Publisher’s Foreword

Almost a year ago, the Iraqi army crossed the border into Kuwait. The concern and fear that gripped the world drew widespread attention to a now famous passage from the classic text, the Yalkut Shimoni,1 whose details precisely anticipate this year’s events in the Persian Gulf. The Lubavitcher Rebbe Shlita suggested at the time that this passage be publicized, and drew focus to its conclusion, which states that as these events unfold, Mashiach will announce to the Jewish people: “Humble ones: The time for your Redemption has arrived.”

True to the verse chosen by the Rebbe as an acronym for the Hebrew letters that spell out this year’s date, “I will show you wonders,”2 we witnessed the progress and conclusion of that conflict. “Miraculous” is an understatement for the series of events in which the enemy of the Jewish people was routed and our people’s safety secured.

In the aftermath of that conflict, on the 28th of Nissan, the Rebbe Shlita appealed to the Jewish people to “do everything you can to bring Mashiach, here and now, immediately.”3 And on many occasions in the subsequent months, the Rebbe has emphasized the imminence of Mashiach’s coming and the need to work toward that goal.

The present essay, adapted from sichos of Shabbos Parshas Balak and Shabbos Parshas Pinchas, clearly emphasizes the unique nature of the present times: “We are at the threshold of the Redemption.” Calmly and without fanfare, the Rebbe Shlita informs us that the Redemption is imminent.

The Torah tells us that when Moshe Rabbeinu conveyed prophecies of redemption to the Jews in Egypt, “They did not listen to Moshe, because of broken spirits and hard labor.”4 The nature of exile is such that it deprives one of the possibility of conceiving any other reality. But conceiving a different reality is precisely what the Rebbe Shlita is suggesting to us now — that we “live with concepts of Mashiach and redemption,” and that this awareness permeate our day-to-day conduct.

And through “living with the concept of Mashiach,” we will hasten his coming and bring about the era in which these three weeks of Bein HaMetzarim will be transformed from mourning — into the celebration of the Redemption. May this take place in the immediate future.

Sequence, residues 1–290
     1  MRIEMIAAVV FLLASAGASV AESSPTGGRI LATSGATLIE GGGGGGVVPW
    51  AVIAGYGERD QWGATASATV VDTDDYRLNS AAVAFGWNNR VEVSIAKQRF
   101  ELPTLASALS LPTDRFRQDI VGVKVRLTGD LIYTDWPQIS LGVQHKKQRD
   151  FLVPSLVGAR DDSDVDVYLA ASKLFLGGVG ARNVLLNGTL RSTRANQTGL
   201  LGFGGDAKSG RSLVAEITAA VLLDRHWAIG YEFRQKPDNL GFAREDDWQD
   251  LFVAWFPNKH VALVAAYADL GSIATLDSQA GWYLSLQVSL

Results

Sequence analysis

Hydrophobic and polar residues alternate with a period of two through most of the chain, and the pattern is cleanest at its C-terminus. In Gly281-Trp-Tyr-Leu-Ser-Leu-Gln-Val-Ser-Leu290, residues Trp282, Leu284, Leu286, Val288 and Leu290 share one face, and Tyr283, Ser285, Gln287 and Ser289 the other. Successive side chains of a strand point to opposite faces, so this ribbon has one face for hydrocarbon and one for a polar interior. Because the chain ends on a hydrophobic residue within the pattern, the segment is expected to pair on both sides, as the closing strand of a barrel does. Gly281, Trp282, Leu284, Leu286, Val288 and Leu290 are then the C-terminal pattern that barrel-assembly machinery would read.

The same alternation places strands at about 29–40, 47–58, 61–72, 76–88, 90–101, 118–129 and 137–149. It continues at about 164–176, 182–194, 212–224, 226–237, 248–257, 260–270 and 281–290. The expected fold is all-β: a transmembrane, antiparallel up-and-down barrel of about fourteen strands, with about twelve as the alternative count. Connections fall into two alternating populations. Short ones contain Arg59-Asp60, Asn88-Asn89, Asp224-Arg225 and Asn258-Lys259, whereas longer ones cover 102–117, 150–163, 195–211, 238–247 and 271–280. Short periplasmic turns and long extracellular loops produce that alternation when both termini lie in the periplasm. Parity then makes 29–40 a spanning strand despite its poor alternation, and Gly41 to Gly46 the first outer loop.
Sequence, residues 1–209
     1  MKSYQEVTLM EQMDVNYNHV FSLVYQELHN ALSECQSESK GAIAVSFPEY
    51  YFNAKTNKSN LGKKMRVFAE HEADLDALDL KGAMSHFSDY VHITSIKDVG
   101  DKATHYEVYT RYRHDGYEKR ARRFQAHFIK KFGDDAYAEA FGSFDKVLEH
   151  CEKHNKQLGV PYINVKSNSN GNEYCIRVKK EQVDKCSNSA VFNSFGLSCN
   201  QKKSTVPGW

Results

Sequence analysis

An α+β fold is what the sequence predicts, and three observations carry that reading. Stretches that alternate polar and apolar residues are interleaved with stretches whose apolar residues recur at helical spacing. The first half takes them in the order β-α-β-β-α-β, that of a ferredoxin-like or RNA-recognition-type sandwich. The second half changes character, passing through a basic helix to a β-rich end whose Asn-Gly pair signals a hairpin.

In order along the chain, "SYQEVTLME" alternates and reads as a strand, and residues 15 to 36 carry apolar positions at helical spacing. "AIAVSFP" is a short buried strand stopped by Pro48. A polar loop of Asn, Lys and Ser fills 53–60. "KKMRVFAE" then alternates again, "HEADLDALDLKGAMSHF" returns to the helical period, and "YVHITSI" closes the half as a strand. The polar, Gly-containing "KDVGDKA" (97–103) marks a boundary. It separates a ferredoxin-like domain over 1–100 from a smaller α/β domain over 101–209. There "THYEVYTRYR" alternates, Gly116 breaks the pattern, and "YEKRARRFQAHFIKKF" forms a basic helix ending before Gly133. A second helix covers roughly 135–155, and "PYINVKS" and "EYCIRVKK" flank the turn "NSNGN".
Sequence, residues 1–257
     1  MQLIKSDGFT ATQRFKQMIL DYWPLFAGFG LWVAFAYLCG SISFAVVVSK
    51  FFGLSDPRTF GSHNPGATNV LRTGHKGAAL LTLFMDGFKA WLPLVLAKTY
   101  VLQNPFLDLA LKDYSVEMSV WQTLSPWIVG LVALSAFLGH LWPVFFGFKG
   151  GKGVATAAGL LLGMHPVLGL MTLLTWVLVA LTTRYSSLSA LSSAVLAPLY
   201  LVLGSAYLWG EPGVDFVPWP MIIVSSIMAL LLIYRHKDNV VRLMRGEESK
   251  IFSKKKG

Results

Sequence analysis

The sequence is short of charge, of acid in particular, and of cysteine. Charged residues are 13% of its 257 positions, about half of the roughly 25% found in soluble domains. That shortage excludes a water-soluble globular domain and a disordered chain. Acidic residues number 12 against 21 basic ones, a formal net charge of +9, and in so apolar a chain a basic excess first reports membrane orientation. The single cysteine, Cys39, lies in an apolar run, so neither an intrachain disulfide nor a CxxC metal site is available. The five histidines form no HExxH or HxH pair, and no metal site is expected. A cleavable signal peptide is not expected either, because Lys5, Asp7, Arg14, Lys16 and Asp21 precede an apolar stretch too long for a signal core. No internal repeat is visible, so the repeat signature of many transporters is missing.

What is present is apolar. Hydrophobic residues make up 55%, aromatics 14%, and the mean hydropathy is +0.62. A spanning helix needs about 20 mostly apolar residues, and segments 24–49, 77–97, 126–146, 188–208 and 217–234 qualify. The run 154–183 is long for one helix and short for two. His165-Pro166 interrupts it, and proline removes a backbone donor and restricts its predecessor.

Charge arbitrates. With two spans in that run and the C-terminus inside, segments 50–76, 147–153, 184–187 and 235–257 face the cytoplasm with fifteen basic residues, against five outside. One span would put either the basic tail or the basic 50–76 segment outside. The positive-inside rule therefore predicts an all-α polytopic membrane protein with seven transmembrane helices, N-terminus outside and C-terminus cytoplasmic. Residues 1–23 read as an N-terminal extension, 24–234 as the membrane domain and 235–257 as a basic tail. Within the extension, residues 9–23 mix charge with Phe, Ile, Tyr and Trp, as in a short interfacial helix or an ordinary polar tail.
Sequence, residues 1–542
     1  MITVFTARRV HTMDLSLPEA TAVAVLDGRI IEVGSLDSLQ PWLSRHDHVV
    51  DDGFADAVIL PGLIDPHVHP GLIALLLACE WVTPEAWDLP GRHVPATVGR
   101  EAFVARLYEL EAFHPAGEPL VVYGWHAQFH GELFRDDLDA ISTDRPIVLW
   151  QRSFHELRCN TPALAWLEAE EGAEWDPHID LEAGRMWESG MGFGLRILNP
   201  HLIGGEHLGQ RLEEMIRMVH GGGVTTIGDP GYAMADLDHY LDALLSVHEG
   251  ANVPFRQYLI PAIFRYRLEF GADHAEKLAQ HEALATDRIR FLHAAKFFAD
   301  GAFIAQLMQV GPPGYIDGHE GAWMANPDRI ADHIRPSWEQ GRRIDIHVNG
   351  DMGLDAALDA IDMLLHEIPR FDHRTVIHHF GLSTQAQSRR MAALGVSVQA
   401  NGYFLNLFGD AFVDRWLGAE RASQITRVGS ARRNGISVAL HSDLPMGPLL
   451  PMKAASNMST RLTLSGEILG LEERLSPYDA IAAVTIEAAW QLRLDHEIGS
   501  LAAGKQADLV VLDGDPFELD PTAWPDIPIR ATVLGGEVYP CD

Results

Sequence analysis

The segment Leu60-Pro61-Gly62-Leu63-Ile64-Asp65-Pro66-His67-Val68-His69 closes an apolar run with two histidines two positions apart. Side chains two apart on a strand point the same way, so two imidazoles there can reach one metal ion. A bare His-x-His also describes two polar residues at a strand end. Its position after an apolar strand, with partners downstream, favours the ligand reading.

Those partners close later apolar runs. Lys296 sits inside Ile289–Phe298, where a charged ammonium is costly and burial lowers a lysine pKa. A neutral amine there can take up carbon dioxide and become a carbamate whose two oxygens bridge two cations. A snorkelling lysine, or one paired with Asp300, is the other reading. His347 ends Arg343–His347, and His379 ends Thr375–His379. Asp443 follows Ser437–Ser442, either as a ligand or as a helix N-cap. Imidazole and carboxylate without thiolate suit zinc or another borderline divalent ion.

Rosh Chodesh Menachem Av, 5751 [July 12, 1991]

Seeking Purpose in the Exile

There are two approaches to the present period of Bein HaMetzarim, the three weeks between the Seventeenth of Tammuz and Tishah BeAv, the period which commemorates the fall of Jerusalem and the destruction of the Beis HaMikdash. One is to dwell on the awesomeness of those tragedies and the difficulties suffered by our people in the exile which followed.

The other approach, while not minimizing the extent of our nation’s loss, puts the emphasis on the purpose of the exile. Heaven forbid to say that destruction and exile are ends in and of themselves. Rather, within the ashes of the Temple’s destruction was kindled the spark of the Future Redemption.5 In an ultimate sense, this was the purpose of the exile — to prepare the Jewish people and the world at large for the higher and deeper level of fulfillment to be reached in that era.6

In the present age, there is no question that the second approach is more in place. Our Sages declared,7 “All the appointed times for Mashiach’s coming have passed; the matter is only dependent on teshuvah.” And we have already turned to G‑d with sincere teshuvah. Thus, speaking of the readiness of our generation, the Previous Rebbe used the allegory of a garment that is complete in all respects — “and all that is needed now is to polish the buttons.”8 And surely, the almost fifty years of vibrant Torah activity that have followed since that statement was made have been sufficient to accomplish that purpose.